By Alan Simpson
Little more than a week before the public learned of GPC’s budget shortfall, then-president Anthony Tricoli was campaigning to have the school’s name changed to Georgia Perimeter College and State University in anticipation of future approval of both bachelor’s and master’s degree programs at the institution.
“Looking to the future, Georgia Perimeter is requesting a name change to Georgia Perimeter College and State University in hopes that we will be able to offer degree programs at the associate, bachelor and master’s levels,” read a document accompanying a Tricoli email to Chancellor Hank Huckaby and Vice Chancellors Steve Wrigley and David Morgan.
“I have been successful at having discussions and receiving approval,” said Tricoli in the email. He added, “In fact, all groups unanimously approve this name change.”
The accompanying document, entitled “Georgia Perimeter College and State University Proposal Talking Points,” argued that GPC could reduce the amount of time and scholarship money needed to achieve a master’s degree from an associate’s. It also asserted GPC would not duplicate any programs currently offered at any other institution of the University System of Georgia.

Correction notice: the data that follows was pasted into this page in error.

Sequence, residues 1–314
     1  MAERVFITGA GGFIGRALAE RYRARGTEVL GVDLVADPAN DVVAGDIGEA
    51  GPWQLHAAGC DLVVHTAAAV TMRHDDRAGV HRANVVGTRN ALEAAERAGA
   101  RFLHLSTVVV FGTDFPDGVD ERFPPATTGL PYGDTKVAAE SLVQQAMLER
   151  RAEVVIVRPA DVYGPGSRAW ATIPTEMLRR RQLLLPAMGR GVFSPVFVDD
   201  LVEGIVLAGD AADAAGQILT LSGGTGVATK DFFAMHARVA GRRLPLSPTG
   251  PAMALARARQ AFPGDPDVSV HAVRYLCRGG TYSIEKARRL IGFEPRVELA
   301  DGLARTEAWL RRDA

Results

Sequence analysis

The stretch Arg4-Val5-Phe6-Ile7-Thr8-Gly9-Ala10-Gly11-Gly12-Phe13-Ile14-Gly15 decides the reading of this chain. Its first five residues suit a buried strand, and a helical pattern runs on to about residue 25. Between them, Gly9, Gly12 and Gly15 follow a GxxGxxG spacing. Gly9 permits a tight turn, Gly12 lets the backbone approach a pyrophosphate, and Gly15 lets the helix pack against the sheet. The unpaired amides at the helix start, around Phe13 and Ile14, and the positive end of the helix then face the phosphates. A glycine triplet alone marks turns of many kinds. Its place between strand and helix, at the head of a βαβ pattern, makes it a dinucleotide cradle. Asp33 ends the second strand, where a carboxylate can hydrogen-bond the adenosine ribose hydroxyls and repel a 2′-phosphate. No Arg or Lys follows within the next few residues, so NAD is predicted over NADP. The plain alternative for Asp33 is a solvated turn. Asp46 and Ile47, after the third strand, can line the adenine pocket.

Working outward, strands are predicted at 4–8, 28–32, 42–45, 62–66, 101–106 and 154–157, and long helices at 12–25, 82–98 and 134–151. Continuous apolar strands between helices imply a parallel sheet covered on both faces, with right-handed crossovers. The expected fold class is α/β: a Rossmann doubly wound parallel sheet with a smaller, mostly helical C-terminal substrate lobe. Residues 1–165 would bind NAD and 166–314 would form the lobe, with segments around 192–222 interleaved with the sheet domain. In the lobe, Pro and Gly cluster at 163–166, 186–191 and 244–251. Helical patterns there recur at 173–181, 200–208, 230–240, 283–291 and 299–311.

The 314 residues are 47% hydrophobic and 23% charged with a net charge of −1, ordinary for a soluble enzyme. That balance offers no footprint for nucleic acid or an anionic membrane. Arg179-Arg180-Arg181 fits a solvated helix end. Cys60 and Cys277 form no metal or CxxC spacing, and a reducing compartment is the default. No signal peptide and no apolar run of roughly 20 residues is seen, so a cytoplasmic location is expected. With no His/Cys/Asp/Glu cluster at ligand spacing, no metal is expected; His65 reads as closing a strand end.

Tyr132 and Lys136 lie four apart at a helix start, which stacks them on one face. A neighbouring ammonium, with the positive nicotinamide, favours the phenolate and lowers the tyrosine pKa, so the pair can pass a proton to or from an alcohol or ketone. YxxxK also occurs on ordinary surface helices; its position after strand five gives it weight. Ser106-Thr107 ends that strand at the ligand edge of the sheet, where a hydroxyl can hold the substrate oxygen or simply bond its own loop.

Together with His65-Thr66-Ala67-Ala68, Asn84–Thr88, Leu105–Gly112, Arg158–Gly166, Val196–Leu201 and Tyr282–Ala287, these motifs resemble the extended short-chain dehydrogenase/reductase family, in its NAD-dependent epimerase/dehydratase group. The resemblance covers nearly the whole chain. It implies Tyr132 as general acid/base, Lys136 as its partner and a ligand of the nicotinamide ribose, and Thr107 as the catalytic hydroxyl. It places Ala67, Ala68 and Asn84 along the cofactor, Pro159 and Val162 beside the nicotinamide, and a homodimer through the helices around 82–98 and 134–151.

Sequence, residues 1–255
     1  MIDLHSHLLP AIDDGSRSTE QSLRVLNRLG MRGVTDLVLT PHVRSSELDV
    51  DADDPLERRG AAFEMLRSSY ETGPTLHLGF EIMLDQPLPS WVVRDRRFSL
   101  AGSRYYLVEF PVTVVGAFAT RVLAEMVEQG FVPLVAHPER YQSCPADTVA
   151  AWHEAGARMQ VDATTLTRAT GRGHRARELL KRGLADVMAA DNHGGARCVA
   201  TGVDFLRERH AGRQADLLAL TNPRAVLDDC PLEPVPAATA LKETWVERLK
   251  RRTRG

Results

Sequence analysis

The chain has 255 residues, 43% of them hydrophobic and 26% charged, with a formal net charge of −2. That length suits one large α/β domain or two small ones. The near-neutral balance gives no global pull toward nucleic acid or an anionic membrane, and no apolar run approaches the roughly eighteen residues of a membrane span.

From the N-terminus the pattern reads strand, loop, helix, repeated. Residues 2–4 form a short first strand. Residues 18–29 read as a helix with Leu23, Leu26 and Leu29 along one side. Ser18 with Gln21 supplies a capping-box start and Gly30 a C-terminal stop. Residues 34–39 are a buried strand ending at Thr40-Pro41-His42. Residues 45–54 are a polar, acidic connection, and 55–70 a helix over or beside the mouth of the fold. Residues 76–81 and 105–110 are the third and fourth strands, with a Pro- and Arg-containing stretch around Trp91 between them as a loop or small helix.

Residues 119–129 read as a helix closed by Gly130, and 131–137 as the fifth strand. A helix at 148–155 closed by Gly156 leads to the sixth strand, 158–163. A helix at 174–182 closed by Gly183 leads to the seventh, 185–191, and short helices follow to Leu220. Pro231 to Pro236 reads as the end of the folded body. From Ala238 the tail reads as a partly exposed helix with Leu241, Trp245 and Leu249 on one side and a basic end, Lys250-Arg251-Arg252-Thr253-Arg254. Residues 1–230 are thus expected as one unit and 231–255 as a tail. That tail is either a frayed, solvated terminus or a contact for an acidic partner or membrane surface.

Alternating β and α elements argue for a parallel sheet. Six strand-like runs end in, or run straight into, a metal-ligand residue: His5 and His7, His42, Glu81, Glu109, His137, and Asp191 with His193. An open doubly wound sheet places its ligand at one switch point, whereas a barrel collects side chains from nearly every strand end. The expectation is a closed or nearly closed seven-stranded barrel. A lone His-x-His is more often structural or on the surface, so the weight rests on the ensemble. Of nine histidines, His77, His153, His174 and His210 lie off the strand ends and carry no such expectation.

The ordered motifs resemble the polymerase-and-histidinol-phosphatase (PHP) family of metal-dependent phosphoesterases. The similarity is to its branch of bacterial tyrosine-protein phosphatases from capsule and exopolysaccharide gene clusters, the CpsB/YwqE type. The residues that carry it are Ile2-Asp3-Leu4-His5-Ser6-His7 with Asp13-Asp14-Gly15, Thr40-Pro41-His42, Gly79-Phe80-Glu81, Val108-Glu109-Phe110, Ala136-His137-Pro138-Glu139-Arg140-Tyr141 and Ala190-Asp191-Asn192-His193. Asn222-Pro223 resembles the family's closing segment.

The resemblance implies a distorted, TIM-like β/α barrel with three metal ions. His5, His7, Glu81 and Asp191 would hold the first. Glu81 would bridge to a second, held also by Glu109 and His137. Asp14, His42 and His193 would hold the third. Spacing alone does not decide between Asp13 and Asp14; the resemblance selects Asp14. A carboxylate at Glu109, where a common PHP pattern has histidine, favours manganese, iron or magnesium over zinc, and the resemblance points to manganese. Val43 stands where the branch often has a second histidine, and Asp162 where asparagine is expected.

The response was swift and rather abrupt: “The issue of GPC becoming a university is not on the table,” stated Morgan in his reply to Tricoli. Morgan said the only change being considered was the addition of “state” to the current name, creating Georgia Perimeter State College.
Tricoli made one final plea, which was answered with an even shorter response from Wrigley.
One of Tricoli’s “Talking Points” made note of the expense associated with a name change. “We know that name changes are costly,” the document stated, “and one name change now would be most economical.” Yet in Morgan’s reply to the email containing this document, he offered Tricoli the chance to change the name without including the “university” portion. While Tricoli’s response contained his last plea for the “university” name, he added, “If you are sure that my request is not the best at this time, then please consider moving us forward as Georgia Perimeter State College.”
The Collegian’s David Schick reported that when interim President Rob Watts polled GPC faculty and staff in an email, a majority rejected the name change.